Despite the fact that many people still believe people don’t have to get along at work; they just have to do their jobs, it’s almost impossible to work well with people you don’t trust.
Lack of trust contributes to a dysfunctional workplace – people not getting their work done and making mistakes.
While you can’t control other people’s behaviors, you can control yours. There are actions you can take to build trust so that you can flourish. It’s hard to trust people you don’t know, and when you need help, you are unlikely to ask someone you don’t trust.
Here are five ways to build trust at work:
1. Take time to get to know at least one co-worker.
Find out what they like about working at your company, what they love doing outside of work, and any hidden talent or skill they may have. Connect where you have common interests and express interest in what you don’t know. Perhaps you both like to cook or your co-worker is working on a new app. You can share recipes or ask questions about the app. You’re establishing a new way of seeing each other which can start to build trust.
2. Refuse to take part in gossip, listening to rumors, or labeling someone based on another person’s judgment.
Quash the conversation any time it starts. After a while, people will trust and respect you as someone who is honest and that they can talk to and ask for help.
3. Everyone is busy doing their work, trying to meet deadlines, and stressed for time. Don’t be one of those people.
Take time to answer questions, give positive feedback to others, and offer help. This will ultimately save you time and energy because others will support you back, and share best practices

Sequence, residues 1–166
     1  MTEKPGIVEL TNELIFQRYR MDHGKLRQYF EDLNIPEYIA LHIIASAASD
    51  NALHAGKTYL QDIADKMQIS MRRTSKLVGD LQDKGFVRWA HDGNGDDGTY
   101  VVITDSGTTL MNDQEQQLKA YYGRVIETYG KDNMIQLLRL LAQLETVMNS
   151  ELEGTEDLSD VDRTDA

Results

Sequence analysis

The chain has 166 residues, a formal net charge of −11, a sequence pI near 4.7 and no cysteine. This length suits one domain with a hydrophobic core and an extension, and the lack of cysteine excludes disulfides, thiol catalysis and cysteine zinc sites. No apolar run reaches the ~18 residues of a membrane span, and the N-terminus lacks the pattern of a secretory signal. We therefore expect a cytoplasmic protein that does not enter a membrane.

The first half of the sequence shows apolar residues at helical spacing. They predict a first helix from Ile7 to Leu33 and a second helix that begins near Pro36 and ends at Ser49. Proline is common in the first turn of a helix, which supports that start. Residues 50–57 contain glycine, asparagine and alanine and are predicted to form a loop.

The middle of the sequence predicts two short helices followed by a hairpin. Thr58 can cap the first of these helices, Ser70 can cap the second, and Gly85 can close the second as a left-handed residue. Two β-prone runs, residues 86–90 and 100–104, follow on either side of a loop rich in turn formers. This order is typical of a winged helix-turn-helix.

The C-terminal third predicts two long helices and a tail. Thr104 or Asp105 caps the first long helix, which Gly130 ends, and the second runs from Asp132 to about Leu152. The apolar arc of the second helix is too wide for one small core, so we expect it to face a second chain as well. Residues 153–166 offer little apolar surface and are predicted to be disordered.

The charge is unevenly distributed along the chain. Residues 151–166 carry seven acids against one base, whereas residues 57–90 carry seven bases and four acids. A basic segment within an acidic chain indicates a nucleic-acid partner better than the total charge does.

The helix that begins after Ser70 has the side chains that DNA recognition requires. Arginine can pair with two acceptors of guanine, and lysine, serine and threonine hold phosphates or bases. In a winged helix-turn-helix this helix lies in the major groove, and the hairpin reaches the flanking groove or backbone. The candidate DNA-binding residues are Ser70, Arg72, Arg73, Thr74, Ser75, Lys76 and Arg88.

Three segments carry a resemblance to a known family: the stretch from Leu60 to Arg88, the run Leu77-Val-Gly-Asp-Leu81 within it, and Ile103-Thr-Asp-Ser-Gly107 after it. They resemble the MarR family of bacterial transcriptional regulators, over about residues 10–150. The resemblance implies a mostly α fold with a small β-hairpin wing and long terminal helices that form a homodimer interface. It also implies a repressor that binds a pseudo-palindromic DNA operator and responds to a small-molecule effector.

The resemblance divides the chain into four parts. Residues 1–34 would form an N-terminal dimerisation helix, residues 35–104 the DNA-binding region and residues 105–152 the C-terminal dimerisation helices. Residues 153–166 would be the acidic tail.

4. Be empathetic.
If you know your colleague is feeling overwhelmed or stressed, talk to them. Acknowledge their situation. Often a simple acknowledgment can reduce stress, make the other person stop for a minute, and engage with you. You don’t need to rescue anyone else; you just need to be a supportive peer.
5. Keep your word and honor your commitments.
Only say yes to a project or task you can finish, and don’t set unrealistic deadlines. Not keeping your word and not coming through is the best way to get a reputation for not being trustworthy. Be known as the person who can be trusted to do what you promise.
And finally, overall, greet everyone with a smile and say hello. Make a connection and make a work friend.
Simma Lieberman helps create inclusive work cultures where people love to do their best work. She is a consultant, speaker and executive coach. For more information visit www.simmalieberman.com